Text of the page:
Making a connected car as safe as possible requires that we innovate with the Internet of Things (IoT) in mind. The connected car as an integral part of the IoT is an essential first step to creating an entirely new paradigm in the not-too-distant future: the driverless car. But for that to happen, safety technology that keeps drivers safe must take center stage. That's one reason why the Toyota DAR-V is so promising. Its gesture-controlled dashboard is designed to keep drivers from looking at and touching all those potentially distracting infotainment functionalities that are de rigueur for today's passengers. Perhaps the neatest feature of the DAR-V is where driveable meets wearable. Using the Pebble smartwatch that's integrated into the Android-enabled dashboard, a driver can start and stop the car, unlock doors and trunk, turn on headlamps, and even initiate a panic mode in the case of a fender-bender.

I would gather that the past couple weeks have been as important to the continuing development of the automobile as any other in the past century. A former head of Ford is working with Google. And right here at Infosys we're partnering with a host of technology and automotive firms to make the move from the connected car to the driverless car that much quicker.

August 14, 2014

Vertically Disintegrated? We Have Solutions For That.

Posted by Kumar Paramasivam (View Profile | View All Posts) at 10:09 AM


The Evolution of IT Outsourcing [Source: http://www.youtube.com/watch?v=mOF54rIIw0Q]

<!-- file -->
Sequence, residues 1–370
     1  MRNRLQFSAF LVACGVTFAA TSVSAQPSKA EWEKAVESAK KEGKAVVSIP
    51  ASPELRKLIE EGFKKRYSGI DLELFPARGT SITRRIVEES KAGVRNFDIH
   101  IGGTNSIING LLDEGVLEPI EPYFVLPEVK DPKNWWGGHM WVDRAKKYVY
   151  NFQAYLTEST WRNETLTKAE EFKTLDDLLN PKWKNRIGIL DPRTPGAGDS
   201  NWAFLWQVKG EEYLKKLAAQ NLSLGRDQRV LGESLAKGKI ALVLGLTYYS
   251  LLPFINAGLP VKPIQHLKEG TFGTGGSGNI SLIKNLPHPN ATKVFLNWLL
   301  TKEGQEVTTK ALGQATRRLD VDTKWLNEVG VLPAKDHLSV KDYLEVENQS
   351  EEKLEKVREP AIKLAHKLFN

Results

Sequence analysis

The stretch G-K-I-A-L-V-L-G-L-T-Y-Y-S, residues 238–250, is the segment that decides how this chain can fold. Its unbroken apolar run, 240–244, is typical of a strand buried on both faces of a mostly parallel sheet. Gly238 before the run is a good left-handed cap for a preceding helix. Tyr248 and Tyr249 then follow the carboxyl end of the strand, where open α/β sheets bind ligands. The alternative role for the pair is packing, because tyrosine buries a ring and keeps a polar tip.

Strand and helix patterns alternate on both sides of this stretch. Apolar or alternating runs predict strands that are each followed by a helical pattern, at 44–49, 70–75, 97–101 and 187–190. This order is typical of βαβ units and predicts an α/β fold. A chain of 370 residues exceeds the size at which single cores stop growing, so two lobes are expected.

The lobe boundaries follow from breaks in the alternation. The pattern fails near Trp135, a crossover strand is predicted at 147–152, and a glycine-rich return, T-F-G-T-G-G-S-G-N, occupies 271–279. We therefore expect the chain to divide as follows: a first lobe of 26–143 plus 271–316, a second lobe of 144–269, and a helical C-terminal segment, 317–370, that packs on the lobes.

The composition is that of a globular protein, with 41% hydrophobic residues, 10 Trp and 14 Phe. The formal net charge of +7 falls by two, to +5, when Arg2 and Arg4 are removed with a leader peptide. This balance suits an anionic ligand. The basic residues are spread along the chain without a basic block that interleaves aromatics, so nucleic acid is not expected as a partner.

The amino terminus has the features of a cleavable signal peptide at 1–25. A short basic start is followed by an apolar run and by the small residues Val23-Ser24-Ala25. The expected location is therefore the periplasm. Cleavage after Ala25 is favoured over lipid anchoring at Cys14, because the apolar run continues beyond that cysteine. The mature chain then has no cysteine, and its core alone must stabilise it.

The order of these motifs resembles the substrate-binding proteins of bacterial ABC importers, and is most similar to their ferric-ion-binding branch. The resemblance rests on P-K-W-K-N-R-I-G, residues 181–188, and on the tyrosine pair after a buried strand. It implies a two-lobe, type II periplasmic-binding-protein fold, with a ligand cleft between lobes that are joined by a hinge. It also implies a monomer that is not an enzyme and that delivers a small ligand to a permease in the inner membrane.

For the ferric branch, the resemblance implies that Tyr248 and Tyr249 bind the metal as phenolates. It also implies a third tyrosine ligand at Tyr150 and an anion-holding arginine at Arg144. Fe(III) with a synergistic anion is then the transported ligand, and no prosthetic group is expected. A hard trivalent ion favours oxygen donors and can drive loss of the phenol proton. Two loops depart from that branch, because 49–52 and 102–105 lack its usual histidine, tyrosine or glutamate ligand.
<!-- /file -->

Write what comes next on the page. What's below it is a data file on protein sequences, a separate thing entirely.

Today, a manufacturing firm can confidently stride across the globe, set up plants, distribution centers, storage facilities, and whatever else it wants with the utmost organizational precision. That confidence - as well as a global footprint - is rooted in the knowledge that the firm has at its disposal an endless array of great software. Whether MRPs, ERPs, demand forecasting, or logistics & supply chain management, there are endless options to ensure that the modern manufacturing company utilizes IT to enhance operations and boost margins.

Every sector and industry should be so lucky. You see, the overarching phenomenon that is offshoring or outsourcing (or whatever you'd like to call it) affects each industry differently. Whereas the aforementioned manufacturer has an IT suite that allows it to reap the efficiencies of having storehouses in Malaysia, a stamping plant in Switzerland, and a sales office in Uruguay, other sectors haven't been as successful. I'm speaking, of course, about the professional services field. Woe to the project manager whose task it is to keep a global operation running seamlessly with the most rudimentary set of IT tools.

Indeed, it's a matter of corporate culture that some sectors have benefited extensively by the colossal shift in how specialization, labor arbitrage, and skills availability are leveraged across the globe - and how others have not. The IT outsourcing/offshoring phenomenon has grown in leaps and bounds over the past three decades and has created a mammoth industry in and of itself. What followed has been the phenomenon known as 'vertical disintegration' in areas like tax preparation, engineering, medical transcription, and a slew of other services.

What's curious, of course, is the realm of professional services. Vertical disintegration, in this space, has primarily been supported by rudimentary spreadsheets and project planning software. Don't get me wrong: The right team in the right organization can accomplish quite a bit using only spreadsheets and project plans. But there's been a technological limit placed on the distributed development and delivery of professional services. If there is to be a surge in the adoption of the disintegrated model and associated growth in the volume of professional services and offshoring locations, there has to be more focused IT offerings to help enterprises go to the next level. Regulatory requirements concerning data protection and privacy will make it difficult for companies to manage service delivery with rudimentary tools.